A 25-year-old man charged in the slaying of 8-year-old Destiny Souza told police that he hit the girl in the head several times with a wooden jewelry box and then decided he needed to kill her so she would not tell on him, according to testimony yesterday at a preliminary hearing in Fairfax County.
Fairfax police Officer Thomas J. Lyons testified that Robert A. Miller spoke to police hours after Destiny was found beaten to death in the basement of her Springfield home. According to Lyons, the 170-pound Miller said he jumped on the girl's back several times.
Lyons grabbed an imaginary box and swung it on the stand.
"He showed us how he picked it up and takes the box and starts banging toward her skull," Lyons said. "He said he put his left hand on the dresser and his other hand on the couch and he jumped up and down on her several times . . . wanting to kill her, knowing he had to kill her."
" 'You felt you had to kill her so she wouldn't tell anybody'?" Lyons read from Miller's statement to police. " 'After I hit her, something had to be done.' "
Miller was arrested Sept. 17, about seven hours after Kathleen Souza found her daughter dead at the bottom of the basement stairs in their town house in the 8400 block of Sugar Creek Lane.
Destiny, a second-grader at Newington Forest Elementary, had gotten off the school bus about 1:20 p.m. and returned home alone.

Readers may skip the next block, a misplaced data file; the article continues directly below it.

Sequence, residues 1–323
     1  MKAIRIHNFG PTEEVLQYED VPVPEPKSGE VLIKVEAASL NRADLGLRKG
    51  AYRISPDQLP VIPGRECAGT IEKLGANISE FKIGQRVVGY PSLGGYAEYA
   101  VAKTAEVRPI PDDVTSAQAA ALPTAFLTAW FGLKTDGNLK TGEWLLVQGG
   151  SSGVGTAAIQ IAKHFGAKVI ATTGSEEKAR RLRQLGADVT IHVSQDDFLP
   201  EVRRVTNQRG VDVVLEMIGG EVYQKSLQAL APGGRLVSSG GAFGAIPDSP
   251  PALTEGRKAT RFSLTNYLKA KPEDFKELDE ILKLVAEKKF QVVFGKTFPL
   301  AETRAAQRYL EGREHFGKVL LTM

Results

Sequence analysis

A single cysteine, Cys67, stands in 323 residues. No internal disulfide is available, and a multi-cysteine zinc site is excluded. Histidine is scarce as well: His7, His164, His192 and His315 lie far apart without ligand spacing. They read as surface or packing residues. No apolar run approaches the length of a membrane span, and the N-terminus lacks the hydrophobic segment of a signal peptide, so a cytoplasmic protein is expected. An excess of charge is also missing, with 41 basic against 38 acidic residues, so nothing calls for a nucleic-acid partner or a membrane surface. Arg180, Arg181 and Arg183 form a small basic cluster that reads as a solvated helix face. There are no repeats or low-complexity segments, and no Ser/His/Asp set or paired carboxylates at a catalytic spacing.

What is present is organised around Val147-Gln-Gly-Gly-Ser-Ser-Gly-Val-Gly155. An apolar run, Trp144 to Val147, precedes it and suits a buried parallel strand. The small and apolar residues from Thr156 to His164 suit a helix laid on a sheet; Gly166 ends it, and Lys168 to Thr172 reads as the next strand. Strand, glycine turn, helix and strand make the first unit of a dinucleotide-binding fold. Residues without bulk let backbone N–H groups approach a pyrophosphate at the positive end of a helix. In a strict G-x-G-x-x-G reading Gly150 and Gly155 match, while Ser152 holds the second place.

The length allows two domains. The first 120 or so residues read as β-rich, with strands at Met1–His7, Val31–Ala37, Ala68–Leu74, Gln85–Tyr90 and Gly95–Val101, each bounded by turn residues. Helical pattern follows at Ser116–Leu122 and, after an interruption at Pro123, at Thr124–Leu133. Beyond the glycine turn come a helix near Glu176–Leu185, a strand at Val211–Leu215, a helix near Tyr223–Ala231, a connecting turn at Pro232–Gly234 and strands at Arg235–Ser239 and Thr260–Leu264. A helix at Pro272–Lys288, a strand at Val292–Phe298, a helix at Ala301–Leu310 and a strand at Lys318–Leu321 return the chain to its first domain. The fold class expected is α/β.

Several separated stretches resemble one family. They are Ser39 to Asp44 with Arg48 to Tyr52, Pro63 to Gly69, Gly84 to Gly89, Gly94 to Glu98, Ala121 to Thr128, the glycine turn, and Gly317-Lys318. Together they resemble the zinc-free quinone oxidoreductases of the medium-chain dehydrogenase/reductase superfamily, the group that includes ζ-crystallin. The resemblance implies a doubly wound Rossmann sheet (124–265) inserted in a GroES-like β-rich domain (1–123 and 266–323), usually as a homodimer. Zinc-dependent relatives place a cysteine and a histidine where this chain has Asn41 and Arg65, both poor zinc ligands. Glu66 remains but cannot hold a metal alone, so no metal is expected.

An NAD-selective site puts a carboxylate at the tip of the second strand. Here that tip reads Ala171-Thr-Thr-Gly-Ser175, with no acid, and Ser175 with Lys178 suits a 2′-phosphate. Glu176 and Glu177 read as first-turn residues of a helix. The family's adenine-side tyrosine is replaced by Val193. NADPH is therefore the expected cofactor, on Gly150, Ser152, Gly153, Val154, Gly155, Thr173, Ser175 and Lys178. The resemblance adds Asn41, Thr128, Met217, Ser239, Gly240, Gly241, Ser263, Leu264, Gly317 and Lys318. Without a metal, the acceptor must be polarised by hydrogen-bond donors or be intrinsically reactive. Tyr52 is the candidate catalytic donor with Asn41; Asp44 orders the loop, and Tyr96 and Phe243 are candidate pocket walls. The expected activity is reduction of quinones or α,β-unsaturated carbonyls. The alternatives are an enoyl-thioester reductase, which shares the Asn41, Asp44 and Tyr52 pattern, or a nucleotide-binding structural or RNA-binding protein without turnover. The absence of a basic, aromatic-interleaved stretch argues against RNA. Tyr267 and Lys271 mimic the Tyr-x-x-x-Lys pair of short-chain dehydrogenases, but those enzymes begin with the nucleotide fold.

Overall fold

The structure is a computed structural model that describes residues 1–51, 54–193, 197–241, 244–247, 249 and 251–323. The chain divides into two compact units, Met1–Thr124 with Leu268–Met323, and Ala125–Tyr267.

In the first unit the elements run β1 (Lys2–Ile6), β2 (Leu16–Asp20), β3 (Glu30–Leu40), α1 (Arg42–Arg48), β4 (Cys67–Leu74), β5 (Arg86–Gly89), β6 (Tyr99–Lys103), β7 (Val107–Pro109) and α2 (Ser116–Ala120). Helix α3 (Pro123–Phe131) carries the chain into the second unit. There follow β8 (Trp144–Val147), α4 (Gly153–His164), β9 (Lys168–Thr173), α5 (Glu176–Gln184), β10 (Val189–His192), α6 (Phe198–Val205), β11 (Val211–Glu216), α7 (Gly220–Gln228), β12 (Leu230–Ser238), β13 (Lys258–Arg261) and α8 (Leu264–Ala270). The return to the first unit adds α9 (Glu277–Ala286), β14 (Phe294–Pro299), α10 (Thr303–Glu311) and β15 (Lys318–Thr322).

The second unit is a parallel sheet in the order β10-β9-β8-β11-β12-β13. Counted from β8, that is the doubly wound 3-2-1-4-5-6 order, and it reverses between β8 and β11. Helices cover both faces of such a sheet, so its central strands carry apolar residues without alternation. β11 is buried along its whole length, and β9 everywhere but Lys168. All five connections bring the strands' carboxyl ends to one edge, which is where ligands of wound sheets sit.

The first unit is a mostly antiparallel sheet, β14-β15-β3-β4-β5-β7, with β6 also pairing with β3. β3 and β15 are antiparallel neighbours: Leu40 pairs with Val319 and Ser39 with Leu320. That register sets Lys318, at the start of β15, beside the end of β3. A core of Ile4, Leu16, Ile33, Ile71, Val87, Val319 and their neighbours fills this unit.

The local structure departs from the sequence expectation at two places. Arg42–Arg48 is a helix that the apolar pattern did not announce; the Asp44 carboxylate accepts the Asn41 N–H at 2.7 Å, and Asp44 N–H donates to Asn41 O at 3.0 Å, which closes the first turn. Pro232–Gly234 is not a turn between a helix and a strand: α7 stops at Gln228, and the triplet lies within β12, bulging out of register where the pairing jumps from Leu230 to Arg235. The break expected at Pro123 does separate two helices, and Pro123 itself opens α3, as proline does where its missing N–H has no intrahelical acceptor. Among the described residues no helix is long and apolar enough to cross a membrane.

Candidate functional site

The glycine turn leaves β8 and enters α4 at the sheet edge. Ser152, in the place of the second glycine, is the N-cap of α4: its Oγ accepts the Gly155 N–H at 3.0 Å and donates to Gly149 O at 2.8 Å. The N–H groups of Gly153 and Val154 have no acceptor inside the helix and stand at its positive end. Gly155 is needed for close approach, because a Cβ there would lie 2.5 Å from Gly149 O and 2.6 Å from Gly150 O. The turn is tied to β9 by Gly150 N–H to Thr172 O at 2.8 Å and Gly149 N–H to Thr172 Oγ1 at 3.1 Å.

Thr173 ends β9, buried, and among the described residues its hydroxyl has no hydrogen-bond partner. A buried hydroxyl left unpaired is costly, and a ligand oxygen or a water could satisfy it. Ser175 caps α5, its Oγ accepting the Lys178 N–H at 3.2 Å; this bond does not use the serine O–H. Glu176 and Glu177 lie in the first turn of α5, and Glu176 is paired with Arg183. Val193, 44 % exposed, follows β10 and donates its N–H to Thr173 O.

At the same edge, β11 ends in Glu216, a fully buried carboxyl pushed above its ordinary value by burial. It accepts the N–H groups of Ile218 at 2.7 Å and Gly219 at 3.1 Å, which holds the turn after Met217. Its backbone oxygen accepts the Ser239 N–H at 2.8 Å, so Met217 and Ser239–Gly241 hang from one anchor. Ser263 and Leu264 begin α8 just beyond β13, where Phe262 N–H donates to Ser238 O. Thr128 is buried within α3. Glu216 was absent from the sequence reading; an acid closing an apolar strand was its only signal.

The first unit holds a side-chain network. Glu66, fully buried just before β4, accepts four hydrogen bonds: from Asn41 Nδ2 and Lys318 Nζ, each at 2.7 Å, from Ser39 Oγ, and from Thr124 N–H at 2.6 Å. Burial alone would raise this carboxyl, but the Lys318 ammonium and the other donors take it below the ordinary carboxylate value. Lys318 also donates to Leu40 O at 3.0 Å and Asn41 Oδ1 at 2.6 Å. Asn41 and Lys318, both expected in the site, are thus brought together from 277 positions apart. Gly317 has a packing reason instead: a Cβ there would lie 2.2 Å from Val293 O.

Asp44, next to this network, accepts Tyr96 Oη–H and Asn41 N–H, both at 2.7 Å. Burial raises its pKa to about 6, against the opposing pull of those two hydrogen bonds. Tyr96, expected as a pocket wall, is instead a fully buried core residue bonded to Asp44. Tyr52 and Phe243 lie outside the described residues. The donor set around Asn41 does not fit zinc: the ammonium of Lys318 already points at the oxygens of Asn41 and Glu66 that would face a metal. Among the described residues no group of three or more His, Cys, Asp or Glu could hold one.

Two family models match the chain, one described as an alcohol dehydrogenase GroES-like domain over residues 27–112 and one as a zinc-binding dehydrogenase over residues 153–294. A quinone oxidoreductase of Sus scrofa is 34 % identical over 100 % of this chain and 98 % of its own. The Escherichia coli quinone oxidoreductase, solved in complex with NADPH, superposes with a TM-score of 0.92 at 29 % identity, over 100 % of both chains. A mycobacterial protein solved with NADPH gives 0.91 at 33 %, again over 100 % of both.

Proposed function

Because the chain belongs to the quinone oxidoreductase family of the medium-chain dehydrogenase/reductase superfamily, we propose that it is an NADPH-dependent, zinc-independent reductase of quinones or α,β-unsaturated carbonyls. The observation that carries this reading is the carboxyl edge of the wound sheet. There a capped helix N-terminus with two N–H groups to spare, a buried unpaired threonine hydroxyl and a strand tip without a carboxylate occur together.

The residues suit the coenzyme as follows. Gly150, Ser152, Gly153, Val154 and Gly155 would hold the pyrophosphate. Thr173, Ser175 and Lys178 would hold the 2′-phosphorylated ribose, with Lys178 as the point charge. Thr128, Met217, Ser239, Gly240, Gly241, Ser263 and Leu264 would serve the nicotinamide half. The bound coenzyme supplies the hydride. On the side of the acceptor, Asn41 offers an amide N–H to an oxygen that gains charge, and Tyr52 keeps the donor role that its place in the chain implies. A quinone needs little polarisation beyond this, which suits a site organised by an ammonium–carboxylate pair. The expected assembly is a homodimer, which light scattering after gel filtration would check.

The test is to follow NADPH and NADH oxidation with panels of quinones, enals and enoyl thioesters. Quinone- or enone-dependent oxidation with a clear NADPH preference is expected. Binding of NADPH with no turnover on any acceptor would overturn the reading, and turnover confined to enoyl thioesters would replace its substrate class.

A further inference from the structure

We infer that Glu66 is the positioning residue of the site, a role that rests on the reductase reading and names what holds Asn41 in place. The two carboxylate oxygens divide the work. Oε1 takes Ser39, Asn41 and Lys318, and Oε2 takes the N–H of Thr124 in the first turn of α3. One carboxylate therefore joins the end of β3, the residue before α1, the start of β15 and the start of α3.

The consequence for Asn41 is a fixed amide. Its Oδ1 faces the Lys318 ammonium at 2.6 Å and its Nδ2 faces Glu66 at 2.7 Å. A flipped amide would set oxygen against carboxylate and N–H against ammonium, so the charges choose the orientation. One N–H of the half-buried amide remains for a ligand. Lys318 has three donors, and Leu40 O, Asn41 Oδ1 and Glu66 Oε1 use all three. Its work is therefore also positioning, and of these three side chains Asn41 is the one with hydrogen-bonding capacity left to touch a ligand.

Commonwealth's Attorney Robert F. Horan Jr. said the girl's mother returned home about 30 minutes later, but could not find the girl in the house. She searched the neighborhood before she found the girl about 3:30 p.m. in the basement.
Horan said the girl's liver and lungs were ruptured and she had contusions on her chest, abdomen and back. "She suffered incredible trauma," Horan told Judge Gaylord L. Finch Jr., of Juvenile and Domestic Relations District Court.
Horan did not describe a motive during the hearing, but said afterward that he believed that Miller, a boyfriend of the girl's aunt, attacked the girl after she started "smart-mouthing off to him." Miller had lived at the house a few months before the slaying, and had gone there that day to pick up some belongings, Horan said.
Miller's attorney, Glenn L. Clayton II, argued that Miller told police he didn't remember his state of mind at the time of the attack and that police made four attempts to get Miller to admit to "willfulness and premeditation," requirements in Virginia law to find a defendant guilty of first-degree murder. Clayton said the transcript doesn't prove premeditation.
Finch ruled that there was probable cause to send the case to the grand jury for indictment. The judge found Miller competent to stand trial. A state evaluation on whether Miller was sane at the time of the offense is due this month.